Play a little thought game with me. You know how the SMOD is going to take out the Earth one day? Right?
Well, let’s say it does. What then? SMOD represents an existential-level event. No more humans.
One more thing. At this point, with all the wonderful technology that we have to see further and further out into the universe, we’ve seen nothing to indicate that anyone else is out there.
For all practical purposes, we are alone in the universe.
So, when SMOD comes along and does her thing, are the atheists really trying to say that that’s it? That there’s no longer anything or anyone around to observe it all? To watch it at night and wonder at the majesty and spectacle? To try to figure out how it is that the stars and planets and all, do what they do? Does the universe just become … dead?
Is the universe really that pointless? Or, more to the point, are we the only point of the universe? Really?
Many atheists are fond of suggesting that we Christians are suffused with ego; that we think way more of ourselves than we have a right to; that our faith that our Creator loves us more than we could ever possibly understand shows how crazy and deluded we are.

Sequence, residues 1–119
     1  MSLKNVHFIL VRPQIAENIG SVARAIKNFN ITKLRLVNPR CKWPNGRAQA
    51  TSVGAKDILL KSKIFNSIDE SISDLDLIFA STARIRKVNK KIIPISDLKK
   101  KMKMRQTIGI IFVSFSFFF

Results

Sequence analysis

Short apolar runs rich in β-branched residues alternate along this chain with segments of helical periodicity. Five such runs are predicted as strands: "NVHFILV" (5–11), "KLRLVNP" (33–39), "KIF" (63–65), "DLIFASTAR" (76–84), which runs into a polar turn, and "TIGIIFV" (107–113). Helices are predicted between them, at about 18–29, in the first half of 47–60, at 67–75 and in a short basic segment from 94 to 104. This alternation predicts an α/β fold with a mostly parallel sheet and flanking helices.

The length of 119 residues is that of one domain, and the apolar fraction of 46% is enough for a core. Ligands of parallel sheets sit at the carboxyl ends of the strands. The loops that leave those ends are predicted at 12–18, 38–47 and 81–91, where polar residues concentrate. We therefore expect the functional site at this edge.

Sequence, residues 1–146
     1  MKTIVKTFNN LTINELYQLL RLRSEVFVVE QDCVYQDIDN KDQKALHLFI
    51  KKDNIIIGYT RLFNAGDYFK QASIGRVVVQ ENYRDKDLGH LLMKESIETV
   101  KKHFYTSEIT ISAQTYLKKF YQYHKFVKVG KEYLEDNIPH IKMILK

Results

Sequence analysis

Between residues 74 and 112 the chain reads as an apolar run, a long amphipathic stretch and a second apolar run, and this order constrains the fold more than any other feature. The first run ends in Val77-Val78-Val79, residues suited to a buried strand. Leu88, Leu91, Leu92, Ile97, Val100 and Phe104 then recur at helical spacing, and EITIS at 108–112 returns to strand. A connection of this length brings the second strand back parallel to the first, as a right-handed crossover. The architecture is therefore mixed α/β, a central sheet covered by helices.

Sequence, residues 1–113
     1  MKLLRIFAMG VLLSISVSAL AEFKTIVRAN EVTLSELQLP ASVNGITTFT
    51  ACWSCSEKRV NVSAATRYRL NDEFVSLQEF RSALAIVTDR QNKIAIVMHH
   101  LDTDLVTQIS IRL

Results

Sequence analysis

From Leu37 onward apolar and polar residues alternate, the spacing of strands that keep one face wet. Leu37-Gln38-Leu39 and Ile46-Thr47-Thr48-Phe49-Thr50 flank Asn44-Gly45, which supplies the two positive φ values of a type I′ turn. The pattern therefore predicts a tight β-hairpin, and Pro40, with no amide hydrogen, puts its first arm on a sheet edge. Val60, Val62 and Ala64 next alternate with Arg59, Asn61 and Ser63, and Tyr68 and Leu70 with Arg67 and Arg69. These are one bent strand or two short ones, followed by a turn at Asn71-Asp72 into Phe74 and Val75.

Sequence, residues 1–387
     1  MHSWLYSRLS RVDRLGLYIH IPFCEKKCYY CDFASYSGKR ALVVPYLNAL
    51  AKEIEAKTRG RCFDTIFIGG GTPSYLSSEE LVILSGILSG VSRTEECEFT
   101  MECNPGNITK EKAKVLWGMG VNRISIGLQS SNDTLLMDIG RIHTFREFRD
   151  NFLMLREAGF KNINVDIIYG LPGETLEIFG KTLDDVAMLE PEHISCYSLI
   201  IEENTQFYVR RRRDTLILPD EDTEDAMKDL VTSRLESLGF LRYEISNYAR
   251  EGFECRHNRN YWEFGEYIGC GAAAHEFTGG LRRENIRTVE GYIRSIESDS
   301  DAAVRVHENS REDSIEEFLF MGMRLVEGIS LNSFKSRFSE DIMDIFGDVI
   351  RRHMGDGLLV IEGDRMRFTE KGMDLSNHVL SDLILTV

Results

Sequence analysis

Yet, atheists are implying that we humans are the be-all, end-all of… The. Entire. Universe. Ego much?
Atheists imply that when SMOD kills us all, that’s just all there is. Nothing more. The universe, they say, becomes the forest whose trees fall with no one there to see or hear it. That the incomprehensible majesty of the universe continues to unfold … with no one and nothing there to perceive, record, think on, theorize about, speculate over, ponder, write about, understand and fail to understand.
That’s the point. There is a point. God is the point. The Creator, who created … the point. Without Him, truly, there is no point. All is acceptable, all is unacceptable, all is whatever you want it to be.
Imagine the universe after SMOD.